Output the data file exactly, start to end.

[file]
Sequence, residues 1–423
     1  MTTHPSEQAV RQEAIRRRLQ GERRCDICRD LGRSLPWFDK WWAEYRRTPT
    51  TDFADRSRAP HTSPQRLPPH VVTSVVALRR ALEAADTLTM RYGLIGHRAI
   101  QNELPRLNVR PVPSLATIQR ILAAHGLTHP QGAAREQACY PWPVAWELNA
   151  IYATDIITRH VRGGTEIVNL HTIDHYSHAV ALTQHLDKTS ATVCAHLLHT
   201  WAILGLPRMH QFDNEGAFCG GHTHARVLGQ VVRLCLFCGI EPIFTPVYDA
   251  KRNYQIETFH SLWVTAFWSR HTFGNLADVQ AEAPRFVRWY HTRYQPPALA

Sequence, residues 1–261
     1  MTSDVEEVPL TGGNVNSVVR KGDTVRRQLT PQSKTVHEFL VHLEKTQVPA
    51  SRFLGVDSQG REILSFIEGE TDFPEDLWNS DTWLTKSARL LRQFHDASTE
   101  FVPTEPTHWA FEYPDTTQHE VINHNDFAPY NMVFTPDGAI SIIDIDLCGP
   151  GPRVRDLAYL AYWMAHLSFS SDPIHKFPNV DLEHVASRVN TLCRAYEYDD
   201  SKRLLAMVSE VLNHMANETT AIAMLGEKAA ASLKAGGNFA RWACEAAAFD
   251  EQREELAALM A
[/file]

Sequence, residues 1–423
     1  MTTHPSEQAV RQEAIRRRLQ GERRCDICRD LGRSLPWFDK WWAEYRRTPT
    51  TDFADRSRAP HTSPQRLPPH VVTSVVALRR ALEAADTLTM RYGLIGHRAI
   101  QNELPRLNVR PVPSLATIQR ILAAHGLTHP QGAAREQACY PWPVAWELNA
   151  IYATDIITRH VRGGTEIVNL HTIDHYSHAV ALTQHLDKTS ATVCAHLLHT
   201  WAILGLPRMH QFDNEGAFCG GHTHARVLGQ VVRLCLFCGI EPIFTPVYDA
   251  KRNYQIETFH SLWVTAFWSR HTFGNLADVQ AEAPRFVRWY HTRYQPPALA

Sequence, residues 1–261
     1  MTSDVEEVPL TGGNVNSVVR KGDTVRRQLT PQSKTVHEFL VHLEKTQVPA
    51  SRFLGVDSQG REILSFIEGE TDFPEDLWNS DTWLTKSARL LRQFHDASTE
   101  FVPTEPTHWA FEYPDTTQHE VINHNDFAPY NMVFTPDGAI SIIDIDLCGP
   151  GPRVRDLAYL AYWMAHLSFS SDPIHKFPNV DLEHVASRVN TLCRAYEYDD
   201  SKRLLAMVSE VLNHMANETT AIAMLGEKAA ASLKAGGNFA RWACEAAAFD
   251  EQREELAALM A